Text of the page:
Check yours out

Published:  21 March, 2016

Grave defects have been found in the BA equipment of Spain’s CBRN specialists – but how deep does the problem go? George Potter reports from Madrid, Spain.

The Spanish semi-military police force Guardia Civil has for several years operated teams of explosive deactivation and CBRN incident specialists. These teams have been equipped with sophisticated PPE including self contained breathing apparatus and maximum-protection level chemical incident intervention suits for use in a wide array of emergency situations. They have also been provided with highly explosion-resistant ensembles for deactivation of explosives.

Recent Spanish legislation requires that certified personnel employed by specialist accredited entities are the only people who can carry out the maintenance operations on SCBA, including periodic inspections and component replacement. Routine maintenance of the protective suits however, can be performed by the user.

According to national newspapers, after having received several complaints from members of the specialist intervention teams, Guardia Civil headquarters ordered a general revision of all of their PPE - over 420 sets. These revisions found exceedingly grave faults in a great amount of the equipment, including empty air bottles, bottles containing contaminated air, rust on numerous components and many other defects.

Photo: Guardia Civil

The situation was considered serious enough to warrant a complete inspection to be performed by an independent entity, which confirmed the deficiencies and defects. Guardia Civil leaders have presented the case to the public prosecutor's office in anticipation of possible criminal action against the company contracted to perform the revision and maintenance of the equipment.

As a result, the suppliers of the equipment have also been questioned, and their responses were that all of the equipment was in perfect order when delivered. These providers are well known and respected international companies, and have always been considered as reliable and responsible.

A second round of questioning and on-site inspections of the maintenance contractor uncovered numerous deficiencies in material and equipment belonging to the Guardia Civil in the firm's own workshop. This has led to the initiation of judicial actions against this contractor, reported widely in February this year.

All of the equipment has been retired from use, leaving the specialists ‘in diapers’ so to speak. Guardia Civil officers are concerned as to how these specialists would be able to respond to CBRN incidents, especially possible terrorism actions while the equipment is out of service.

According to sources, the Guardia Civil has accused the contractor of fraud, negligence, misrepresentation, falsifying public documents and, above all, of exposing the members of the emergency teams to serious and possibly deadly consequences.

The outsourcing of maintenance of SCBA was theoretically legislated in order to place the operations in the hands of specialists, trained and certified by the various suppliers of SCBA in the country.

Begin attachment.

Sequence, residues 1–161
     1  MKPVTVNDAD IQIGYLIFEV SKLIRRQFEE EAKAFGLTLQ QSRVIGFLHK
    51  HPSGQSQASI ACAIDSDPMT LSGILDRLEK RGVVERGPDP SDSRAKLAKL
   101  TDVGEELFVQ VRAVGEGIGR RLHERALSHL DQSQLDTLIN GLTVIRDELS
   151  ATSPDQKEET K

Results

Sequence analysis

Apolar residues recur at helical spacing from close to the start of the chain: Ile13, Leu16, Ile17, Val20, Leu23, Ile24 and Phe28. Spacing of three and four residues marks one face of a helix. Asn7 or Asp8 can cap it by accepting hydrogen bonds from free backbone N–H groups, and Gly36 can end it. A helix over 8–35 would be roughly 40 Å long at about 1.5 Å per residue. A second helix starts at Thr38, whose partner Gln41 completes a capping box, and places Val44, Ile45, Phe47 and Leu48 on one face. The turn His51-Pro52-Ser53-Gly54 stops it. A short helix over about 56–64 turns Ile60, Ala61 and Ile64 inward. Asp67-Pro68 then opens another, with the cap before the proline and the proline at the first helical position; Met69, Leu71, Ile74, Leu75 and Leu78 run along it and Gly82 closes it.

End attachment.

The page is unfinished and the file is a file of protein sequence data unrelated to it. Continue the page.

At this time, the various providers of SCBA have trained numerous persons in the routine and specialized maintenance functions, including periodic and routine revisions and specific repairs and parts replacement. Previously, the majority of users performed their own in-house routine and periodic inspections and maintenance, relying on the suppliers to carry out repairs, parts’ replacement and testing in compliance with CE standards and legislation. Only the smaller users relied almost entirely on the suppliers for these functions.

As it stands at the time of this writing, the Guardia Civil will more than likely cancel the contract and sign-up with another, more reliable firm, and take the initial contractor to court.

As to the other users of SCBA in Spain, there are 350+ public fire and emergency response services, over 30 civil aviation airport fire brigades, some 200 or more emergency response teams in diverse industries, army, navy and air force emergency response units and, undoubtedly, many more. Even several banks and other similar non-industrial commercial entities have and, when necessary, use SCBA. The question is, how many of these civilian users have maintenance and service contracts with this contractor? And even more serious, how many other SCBA service contractors are as negligent as the one contracted by the Guardia Civil? Is the problem restricted to Spain?

It would be advisable that all SCBA users revise and inspect their SCBA equipment and closely control any and all abnormal conditions, including physical condition of air bottles; air pressure; air quality; pressure gauge accuracy; valves, fittings and threads; support harness, pressure regulator and mask assembly.

Any deficiencies or abnormal conditions should be registered and communicated as soon as possible to the apparatus supplier. If, as in Spain, routine inspections and maintenance are outsourced, the deficiencies should also be communicated to the maintenance entity as well.

SCBA is the emergency responder's primary protection in hostile environments and must be properly and routinely inspected and maintained. Not only his/her life depends on it, but that of possible victims as well.

  • Operation Florian

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